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The Budapest European Conference on Trafficking in Human Beings

27 February 2012

The Budapest conference was a good starting point for the ISEC project. While reiterating the complexity of the fight against trafficking it brought home the necessity to address the missing link between law enforcement, health authorities and civil society organisations. Different panellists underlined the fact that providing synergy between law enforcement and health authorities is not only desirable form the human rights perspective, but provides significant criminal justice benefits, thus contributing to reinforce the security side of anti-trafficking approach.

The conference also provided a valuable insight into the evolving trafficking tendencies and exposed concrete needs of practitioners  in the field which should be used when developing training curricula. In this respect it provided further justification for the EU funding in this project. The main highlights of the conference can be summarised as follows:

  1. The European Union and EU Member countries’ anti trafficking polices considerable evolved from the middle of 90ties of the past century. From the first Vienna summit in 1996 to the Tampere EU summit conclusions in 1999, EU Brussels conference in 2002, the EU Hague and Stockholm programme in 2004 and 2010, the subject of trafficking in human beings gained increased attention of international and EU policy makers, resulting in a strong legislative response, accompanied by a number of practical projects in the countries of origin, transit and destination.
  1. Whereas the beginning of anti-trafficking policy was marked by a pronounced law enforcement-security approach, putting the accent on investigation and criminal justice part of the problem, the recent policy development shows the shift towards increased focus on the victims and prevention of trafficking. The Payoke project that seeks to reinforce cooperation between law enforcement and health authorities is a good illustration of this change.
  1. Trafficking in human beings is first and foremost a grave violation of human rights and the dignity of  human beings. Over the past couple of years the human rights approach has gained momentum in EU internal anti trafficking policies as well as in relations and cooperation with third countries. It has been mainstreamed in all EU anti trafficking policies and actions.
  1. Because of the highly lucrative character of trafficking business the forms of trafficking constantly change pattern. Whereas the majority of cases in the past represented trafficking for sexual exploitation of women, today we witness an increasing trend in trafficking for labour exploitation of man, women and children, increased trafficking of minors, trafficking of organs, bagging and forced marriages, as well as cases of internal trafficking.
  1. Trafficking cases are a very complex phenomena involving not only several countries in the process but a variety of stakeholders representing government agencies and civil society in the field of law enforcement, border management, social welfare, employment, housing, health and external relations. To be efficient, anti-trafficking policy is conditioned by partnership and cooperation of state and civil society organisations active in all these fields. Only a multi- disciplinary approach and commitment can bring about results.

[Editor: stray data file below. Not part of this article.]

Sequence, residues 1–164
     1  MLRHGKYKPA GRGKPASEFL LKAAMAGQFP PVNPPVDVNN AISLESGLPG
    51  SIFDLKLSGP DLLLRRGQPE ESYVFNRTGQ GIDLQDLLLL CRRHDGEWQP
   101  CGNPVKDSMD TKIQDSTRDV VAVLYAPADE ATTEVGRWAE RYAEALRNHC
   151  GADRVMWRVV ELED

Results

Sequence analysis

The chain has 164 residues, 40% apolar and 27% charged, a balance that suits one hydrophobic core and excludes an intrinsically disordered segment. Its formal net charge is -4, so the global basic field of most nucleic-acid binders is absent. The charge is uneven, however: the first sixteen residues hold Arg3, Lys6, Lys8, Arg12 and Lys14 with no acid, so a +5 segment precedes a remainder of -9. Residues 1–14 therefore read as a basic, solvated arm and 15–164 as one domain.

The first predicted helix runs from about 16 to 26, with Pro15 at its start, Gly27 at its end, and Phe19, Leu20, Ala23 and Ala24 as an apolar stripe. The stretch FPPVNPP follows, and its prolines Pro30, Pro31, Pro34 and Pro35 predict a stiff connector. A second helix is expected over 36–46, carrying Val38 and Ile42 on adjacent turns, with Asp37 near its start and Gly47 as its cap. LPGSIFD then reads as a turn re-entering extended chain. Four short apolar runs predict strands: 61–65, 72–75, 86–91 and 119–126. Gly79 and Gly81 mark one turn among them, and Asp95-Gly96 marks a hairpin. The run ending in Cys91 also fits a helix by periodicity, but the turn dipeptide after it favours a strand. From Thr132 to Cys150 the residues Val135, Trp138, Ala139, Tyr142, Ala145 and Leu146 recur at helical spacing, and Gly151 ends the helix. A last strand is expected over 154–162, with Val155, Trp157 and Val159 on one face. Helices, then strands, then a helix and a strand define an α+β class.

1. Strengthening synergies between the law enforcement and health authorities, combined with a specific training directed to the officials in the field can contribute to the rehabilitation of victims, their improved mental and physical health as well as their capacity to reintegrate into society in the country of origin. Catering for the health conditions of victims can not only build trust between victims and law enforcement authorities but can improve chances and quality of the victims’ participation in criminal proceeding and provide a valuable court testimony against traffickers. This in turn increases chances of successful prosecution and greater number of convictions.
  1. Providing for improved health conditions of victims and allowing them access to healthcare facilities has benefits for the victims of trafficking but also for the society as a whole. The costs of inaction greatly outweighs the benefits of targeted action, as victims can spread diseases such as TBC, HIV and other infectious diseases.
  1. Coherent training programmes for law enforcement and health authorities is necessary and needed. It should be carefully elaborated and designed by experts in order to provide subject matter expertise for each group of officials and adapt to their capacities and priorities.
  1. The successful outcome of this project can provide contribution to the implementation process of the 2010 EU Directive on prevention and combating trafficking in human beings and protecting victims. It reflects the Directive’s new victims- centred approach and contributes to the more successful prosecution of offenders.
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   With the support of the European Commission.